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How to Defend an Indecent Exposure Charge in California

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How to Defend an Indecent Exposure Charge in California

January 7, 2020
How to Defend an Indecent Exposure Charge in California

Indecent exposure, also known as public nudity, is illegal in the state of California. Defendants of this crime may face serious penalties if convicted, including mandatory registration as a sex offender.

Although the crime is as serious as the charges, if you’re being accused of engaging in indecent exposure, there are some legal ways you can defend yourself in the courtroom. By hiring a defense attorney, such as Lisa Mattern at the Mattern Law Firm in Los Angeles, CA, you can increase your chances of having your charges reduced or fully expunged.

Here are some of many ways an indecent exposure charge can be defended against:

The defendant never exposed his or her genitals.

Indecent exposure is no laughing matter. However, it doesn’t mean one can’t falsely accuse another of the crime. In addition, there are rare cases where one may believe someone committed public nudity when they in fact didn’t. Eyes don’t lie, but perceptions can deceive.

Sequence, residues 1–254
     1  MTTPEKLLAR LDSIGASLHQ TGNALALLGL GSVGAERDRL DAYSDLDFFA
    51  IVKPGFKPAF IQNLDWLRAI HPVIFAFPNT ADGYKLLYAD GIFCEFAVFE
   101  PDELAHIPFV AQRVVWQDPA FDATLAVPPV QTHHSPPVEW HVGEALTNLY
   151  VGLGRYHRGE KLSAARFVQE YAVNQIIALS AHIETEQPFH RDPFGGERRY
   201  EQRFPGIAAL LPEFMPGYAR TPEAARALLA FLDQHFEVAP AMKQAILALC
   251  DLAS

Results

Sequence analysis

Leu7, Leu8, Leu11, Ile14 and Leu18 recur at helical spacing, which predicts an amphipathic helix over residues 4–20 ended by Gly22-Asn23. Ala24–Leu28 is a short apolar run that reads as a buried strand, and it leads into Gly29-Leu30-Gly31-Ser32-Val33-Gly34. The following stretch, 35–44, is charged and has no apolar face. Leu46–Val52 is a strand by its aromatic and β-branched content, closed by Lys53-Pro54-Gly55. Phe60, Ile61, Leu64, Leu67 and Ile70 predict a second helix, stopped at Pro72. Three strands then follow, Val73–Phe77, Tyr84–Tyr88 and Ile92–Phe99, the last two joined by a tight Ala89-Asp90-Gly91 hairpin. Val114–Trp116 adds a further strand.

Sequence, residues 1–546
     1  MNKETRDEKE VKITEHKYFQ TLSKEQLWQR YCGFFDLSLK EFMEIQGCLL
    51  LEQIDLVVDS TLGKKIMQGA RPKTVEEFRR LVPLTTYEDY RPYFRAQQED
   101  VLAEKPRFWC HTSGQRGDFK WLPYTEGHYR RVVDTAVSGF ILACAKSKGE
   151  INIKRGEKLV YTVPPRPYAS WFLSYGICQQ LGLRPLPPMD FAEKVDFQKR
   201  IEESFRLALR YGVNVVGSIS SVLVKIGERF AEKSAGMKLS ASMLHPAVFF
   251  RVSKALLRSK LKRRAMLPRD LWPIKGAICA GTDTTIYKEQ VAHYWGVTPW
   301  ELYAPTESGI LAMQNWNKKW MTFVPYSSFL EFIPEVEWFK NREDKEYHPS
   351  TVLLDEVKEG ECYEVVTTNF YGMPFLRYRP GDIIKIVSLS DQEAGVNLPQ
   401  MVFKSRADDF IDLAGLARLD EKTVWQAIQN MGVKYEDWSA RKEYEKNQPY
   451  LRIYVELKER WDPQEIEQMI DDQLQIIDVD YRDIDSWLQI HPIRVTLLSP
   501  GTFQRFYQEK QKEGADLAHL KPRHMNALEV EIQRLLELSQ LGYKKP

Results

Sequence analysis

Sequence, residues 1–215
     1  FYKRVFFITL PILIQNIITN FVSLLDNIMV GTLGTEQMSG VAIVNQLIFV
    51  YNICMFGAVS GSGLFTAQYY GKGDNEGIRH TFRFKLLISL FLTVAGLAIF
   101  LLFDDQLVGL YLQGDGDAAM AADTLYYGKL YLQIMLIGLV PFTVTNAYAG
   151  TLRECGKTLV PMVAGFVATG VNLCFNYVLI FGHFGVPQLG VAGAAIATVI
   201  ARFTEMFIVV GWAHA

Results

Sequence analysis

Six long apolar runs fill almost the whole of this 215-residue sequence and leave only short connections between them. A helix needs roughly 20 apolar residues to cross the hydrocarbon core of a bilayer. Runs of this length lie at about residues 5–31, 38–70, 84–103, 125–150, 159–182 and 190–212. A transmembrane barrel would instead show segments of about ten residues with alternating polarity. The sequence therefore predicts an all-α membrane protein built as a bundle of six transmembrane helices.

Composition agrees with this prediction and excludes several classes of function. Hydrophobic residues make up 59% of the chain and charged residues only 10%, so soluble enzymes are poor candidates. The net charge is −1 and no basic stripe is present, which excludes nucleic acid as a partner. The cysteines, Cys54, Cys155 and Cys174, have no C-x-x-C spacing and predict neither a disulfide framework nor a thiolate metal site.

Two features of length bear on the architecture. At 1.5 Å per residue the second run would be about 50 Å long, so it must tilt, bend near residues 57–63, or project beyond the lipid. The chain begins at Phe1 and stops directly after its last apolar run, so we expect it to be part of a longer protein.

Indecent exposure occurred but not in the presence of another person.

In order for an exposure to be charged in the state of California, it must have happened where at least one other person could have witnessed it. A woman walking naked in public in desolation or a man pulling down another man’s pants in public to embarrass him even though nobody else is around would not be considered indecent exposure by California law.

The exposure wasn’t intentional.

Indecent exposure in California is deliberate; it’s not an accident. However, there may be cases where the exposure wasn’t intentional. For instance, if a man is slipping to the ground and grab’s onto a woman, accidentally pulling down her shirt and exposing her breast or if a woman’s skirt lifts up during a wind storm while she isn’t wearing underwear, these would be considered unintentional incidences that could not be charged as a crime.

There is insufficient evidence that the exposure occurred.

Without adequate proof, there’s really no legal way to convict someone of public nudity. Lack of surveillance footage, other eyewitnesses, and the like make it difficult to authenticate that the crime actually took place. Therefore, charges of the crime may be able to be completely dropped.

Apart from the latter defenses, the Mattern Law Firm can make other relevant, legal arguments to protect you from serious charges you don’t deserve. If you live in California, Lisa Mattern would be happy to act as your defender. Call her today at 310-342-8254.

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